A culture's careless handling of suicide
The week before last, Karen Dunne-Maxim was watching "CSI: Miami" when she nearly jolted out of her chair. For no reason she could fathom, a young adult character commits suicide.
As suicide has become part of our everyday vocabulary (think suicide bombers), it has also become more common in the popular culture ("Master and Commander"; the UPN-TV sitcom "Veronica Mars"). "Thelma & Louise," which ends with a double-suicide, is very popular among teens (probably because it features a young Brad Pitt). "Groundhog Day," a video favored by preteens, has a running dialogue about it.
Almost always, the portrayals of suicide are gratuitous, showing it as a solution to problems, without context or explanation. That really gets to Dunne-Maxim, an author and international lecturer on adolescent suicide prevention.
"Suicide gets normalized and glamorized," she says.
To punctuate the point, she tells of visiting recently with an 11-year-old who was playing a video game. Suddenly, he began shouting, "I'll suicide! I'll suicide."
"When the concept has seeped into preteen's game strategies, we've got a problem," she says.
Teen suicide is one of those subjects most parents worry about ("Please, God, not my child.") and for good reason. Nationwide, it's the third-leading cause of death for 15- to 19-year-olds (behind accidental injury and murder), according to the Centers for Disease Control and Prevention. In 2002, the most recent year for which statistics are available, 1,513 teens in that age group killed themselves. What most parents may not know is this: Many more teens think about it.
A CDC study estimates that 16 percent do, but clinicians tend to think it's far higher. South Natick clinical psychologist Pamela Cantor, who specializes in adolescent self-destructive behavior and consults to schools, says 75 percent is a conservative estimate. McLean psychologist Michael Hollander, who works with teens at risk for suicide, puts it even higher.
"The vast majority of adolescents think about suicide," he says.
He describes the thinking as a kind of intellectual muscle-flexing that comes from reaching a new level of abstract thinking. "They're able to imagine all sorts of possibilities: potential career choices, awards they could win, crimes they could commit, what it would be like to kill themselves."
That's different than wishing you could do it, or contemplating how you would do it. But here's the thing: Given the impulsive nature of adolescence and the increased visibility suicide has in the popular culture, who knows what might tip a teen from thinking about it in the abstract to thinking about it for real?
The teen most likely to contemplate or attempt suicide has a mental illness, often undiagnosed. Some teens, however, do not. For them, it typically boils down to poor problem-solving skills.
"I've seen incredibly well kids -- class presidents, athletes, popular students, A students -- who hit something that overwhelms them," says Cantor. Often, it's a breakup or a college rejection. "They don't have the life experience to know that things change over time. If they don't get the appropriate help at the critical time, they may act impulsively."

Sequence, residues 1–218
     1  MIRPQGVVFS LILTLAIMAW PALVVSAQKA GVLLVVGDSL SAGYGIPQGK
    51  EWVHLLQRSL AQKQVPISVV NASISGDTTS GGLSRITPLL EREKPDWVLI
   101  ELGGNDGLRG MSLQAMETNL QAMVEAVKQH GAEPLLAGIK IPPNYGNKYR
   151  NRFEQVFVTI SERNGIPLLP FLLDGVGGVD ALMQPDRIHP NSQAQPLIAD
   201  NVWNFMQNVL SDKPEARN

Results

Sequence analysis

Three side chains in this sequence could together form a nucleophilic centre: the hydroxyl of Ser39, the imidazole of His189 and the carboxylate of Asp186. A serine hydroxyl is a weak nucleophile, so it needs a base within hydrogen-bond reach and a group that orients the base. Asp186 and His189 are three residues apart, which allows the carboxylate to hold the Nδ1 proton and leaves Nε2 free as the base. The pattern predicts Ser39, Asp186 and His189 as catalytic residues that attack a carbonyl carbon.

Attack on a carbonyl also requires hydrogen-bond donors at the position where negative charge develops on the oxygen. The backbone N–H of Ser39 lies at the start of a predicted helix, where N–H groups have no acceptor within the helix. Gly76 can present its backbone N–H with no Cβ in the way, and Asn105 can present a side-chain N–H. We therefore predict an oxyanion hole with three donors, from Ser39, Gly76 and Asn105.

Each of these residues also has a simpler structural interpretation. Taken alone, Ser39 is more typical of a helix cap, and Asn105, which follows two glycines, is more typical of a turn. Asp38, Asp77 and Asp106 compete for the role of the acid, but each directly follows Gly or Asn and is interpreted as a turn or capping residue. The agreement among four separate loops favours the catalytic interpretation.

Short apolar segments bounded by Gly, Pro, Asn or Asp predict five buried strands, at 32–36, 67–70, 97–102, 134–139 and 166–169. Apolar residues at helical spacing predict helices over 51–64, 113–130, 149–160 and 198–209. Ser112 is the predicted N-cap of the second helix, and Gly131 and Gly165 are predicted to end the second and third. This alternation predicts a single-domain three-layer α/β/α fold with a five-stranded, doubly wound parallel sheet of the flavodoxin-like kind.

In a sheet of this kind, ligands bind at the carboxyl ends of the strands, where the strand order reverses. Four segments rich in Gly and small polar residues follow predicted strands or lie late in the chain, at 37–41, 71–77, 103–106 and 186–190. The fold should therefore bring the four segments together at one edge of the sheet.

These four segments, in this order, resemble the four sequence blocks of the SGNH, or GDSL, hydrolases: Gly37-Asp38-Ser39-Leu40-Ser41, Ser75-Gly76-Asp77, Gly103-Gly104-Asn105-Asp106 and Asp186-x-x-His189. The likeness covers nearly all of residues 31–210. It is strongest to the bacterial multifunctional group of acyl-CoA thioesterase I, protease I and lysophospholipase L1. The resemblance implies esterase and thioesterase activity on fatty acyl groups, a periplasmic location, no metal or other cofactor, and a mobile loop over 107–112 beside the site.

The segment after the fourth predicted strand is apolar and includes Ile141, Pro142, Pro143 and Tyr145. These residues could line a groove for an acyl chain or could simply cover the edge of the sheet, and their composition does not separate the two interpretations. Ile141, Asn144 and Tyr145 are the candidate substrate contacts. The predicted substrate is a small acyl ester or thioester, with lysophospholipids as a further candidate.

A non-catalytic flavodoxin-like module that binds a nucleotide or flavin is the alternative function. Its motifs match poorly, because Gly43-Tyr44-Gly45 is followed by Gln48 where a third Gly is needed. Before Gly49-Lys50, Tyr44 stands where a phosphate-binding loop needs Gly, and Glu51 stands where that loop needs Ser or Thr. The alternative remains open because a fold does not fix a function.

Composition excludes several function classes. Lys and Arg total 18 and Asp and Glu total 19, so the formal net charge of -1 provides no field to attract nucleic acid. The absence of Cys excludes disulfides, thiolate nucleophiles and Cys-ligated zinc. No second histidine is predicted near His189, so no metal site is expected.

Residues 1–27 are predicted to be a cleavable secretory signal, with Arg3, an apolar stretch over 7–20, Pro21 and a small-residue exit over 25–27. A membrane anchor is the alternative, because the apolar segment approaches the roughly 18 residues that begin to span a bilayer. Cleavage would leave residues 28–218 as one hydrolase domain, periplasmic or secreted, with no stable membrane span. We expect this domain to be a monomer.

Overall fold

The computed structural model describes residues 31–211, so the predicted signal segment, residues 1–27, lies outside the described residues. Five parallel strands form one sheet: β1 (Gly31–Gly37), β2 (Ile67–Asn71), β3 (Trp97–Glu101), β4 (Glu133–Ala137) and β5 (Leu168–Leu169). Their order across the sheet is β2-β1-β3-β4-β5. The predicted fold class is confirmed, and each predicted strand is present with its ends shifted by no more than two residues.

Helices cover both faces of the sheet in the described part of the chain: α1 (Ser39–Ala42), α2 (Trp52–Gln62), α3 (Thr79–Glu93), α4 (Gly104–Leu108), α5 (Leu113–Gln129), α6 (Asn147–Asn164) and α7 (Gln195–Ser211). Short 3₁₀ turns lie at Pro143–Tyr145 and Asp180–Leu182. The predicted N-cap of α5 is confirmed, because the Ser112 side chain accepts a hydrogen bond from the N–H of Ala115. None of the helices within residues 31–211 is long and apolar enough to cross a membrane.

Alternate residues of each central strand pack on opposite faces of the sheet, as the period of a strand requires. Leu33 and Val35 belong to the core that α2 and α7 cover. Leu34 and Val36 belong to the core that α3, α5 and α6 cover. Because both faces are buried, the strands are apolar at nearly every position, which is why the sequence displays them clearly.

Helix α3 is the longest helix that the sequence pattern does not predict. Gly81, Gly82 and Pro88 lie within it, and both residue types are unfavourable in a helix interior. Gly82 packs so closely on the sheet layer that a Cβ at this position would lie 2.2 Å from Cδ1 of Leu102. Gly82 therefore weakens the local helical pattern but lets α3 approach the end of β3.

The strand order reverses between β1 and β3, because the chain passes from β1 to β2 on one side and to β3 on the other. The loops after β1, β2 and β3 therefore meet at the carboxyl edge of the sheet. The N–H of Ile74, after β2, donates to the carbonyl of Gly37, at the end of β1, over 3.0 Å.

Ironically, the best preventative medicine is one parents aren't likely to take: talking to our teens about suicide. "Most parents are afraid they'll plant a seed," says Kim Kates, a spokeswoman for Samariteens of Boston, which offers telephone counseling for teens in crisis.
There's no more truth to that, she says, than to the common belief among teens that once you contemplate suicide, it will always be something you think about. Not that you want to start a conversation out of the blue, but when there's an opportunity, use it, says Kates. For instance: "I read this article on suicide. It made me realize we've never talked about it."
There are three messages to convey: Suicide is a permanent solution to a temporary problem; there are always ways to get help; if you know of someone at risk, including yourself, tell an adult you trust. Parents also typically don't know what to say to a teen who knows someone, or even just knows of someone, who commits suicide. Dunne-Maxim says this teen typically has two worries: Could this happen to me? Is it my fault?
Address the first question even if it doesn't get voiced: "There was something that clouded his thinking, that prevented him from realizing he could get help. It's so tragic, and I want to make sure that no matter what problems you have, you know to find someone to talk to. If you didn't want to talk to me, I could help you find someone else."
To the second question, which is more likely to be spoken, psychiatrist Douglas Jacobs might say: "Suicide is very complex. It's never just about one thing."
Jacobs, who is executive director of Screening for Mental Health (mentalhealthscreening.org) based in Wellesley, is founder of a suicide prevention program used in 1,500 high schools nationwide. One of his goals is to make sure teens know to consider it an emergency when another teen talks about suicide. Often, they don't know what to do, he says, and treat seriously a friend's request for secrecy. He tells teens: "It's better to have a mad friend than a dead one."
In a video he's developed, he offers two scenarios. In the first, a teen complains, "My SAT scores are awful, my life is over. My parents won't talk to me." The friend says, "Yeah, but you're a good athlete. It'll all work out in the end."
In the second, the friend says, "This sounds serious. You should talk to someone."
"Yeah, but I can't talk to my parents."
"What about Coach Jones? Let's go find him."
Now if only we could get more scenes like that one onto the big screen.
Contact Barbara Meltz at email@example.com